Each year of education ups the odds by 15% that people will say there's "truth in more than one religion," says University of Nebraska-Lincoln professor Philip Schwadel in an article for the Review of Religious Research.
For each additional year of education beyond seventh grade, Americans are:Of course, the more secular you are, the more you will interpret this data to mean that the more developed a person's intellect becomes the less it will tolerate conservative religious beliefs. This assumes that American education actually develops your intellect, which, of course, is slightly suspect.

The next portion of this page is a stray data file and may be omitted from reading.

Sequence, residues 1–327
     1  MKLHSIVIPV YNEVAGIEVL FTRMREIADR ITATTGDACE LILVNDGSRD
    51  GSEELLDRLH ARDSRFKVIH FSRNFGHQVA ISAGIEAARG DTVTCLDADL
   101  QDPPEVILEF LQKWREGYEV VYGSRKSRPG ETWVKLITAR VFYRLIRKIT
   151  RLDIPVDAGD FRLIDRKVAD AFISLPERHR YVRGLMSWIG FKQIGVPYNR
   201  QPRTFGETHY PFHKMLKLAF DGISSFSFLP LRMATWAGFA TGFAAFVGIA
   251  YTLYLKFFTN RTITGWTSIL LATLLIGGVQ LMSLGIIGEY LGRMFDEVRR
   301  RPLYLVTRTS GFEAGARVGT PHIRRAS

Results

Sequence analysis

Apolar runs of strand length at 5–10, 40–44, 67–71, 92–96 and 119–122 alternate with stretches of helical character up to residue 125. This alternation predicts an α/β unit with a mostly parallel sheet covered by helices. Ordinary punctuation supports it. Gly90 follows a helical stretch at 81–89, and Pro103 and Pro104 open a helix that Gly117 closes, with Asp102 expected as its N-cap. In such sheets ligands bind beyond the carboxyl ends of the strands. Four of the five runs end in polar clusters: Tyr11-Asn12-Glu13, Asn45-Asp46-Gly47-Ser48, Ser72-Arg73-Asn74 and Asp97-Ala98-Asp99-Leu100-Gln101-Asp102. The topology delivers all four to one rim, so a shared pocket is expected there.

•15% more likely to have attended religious services in the past week.
•14% more likely to say they believe in a "higher power" than in a personal God. "More than 90% believe in some sort of divinity," Schwadel says.
•13% more likely to switch to a mainline Protestant denomination that is "less strict, less likely to impose rules of behavior on your daily life" than their childhood religion.
•13% less likely to say the Bible is the "actual word of God." The educated, like most folks in general, tend to say the Bible is the "inspired word" of God, Schwadel says.
But the larger question is how much the change in views about religion are really due to the amount of education they have received and how much is due to the amount of secular indoctrination to which they have been subjected.
Most people "catch their opinions," said Samuel Johnson, "by contagion."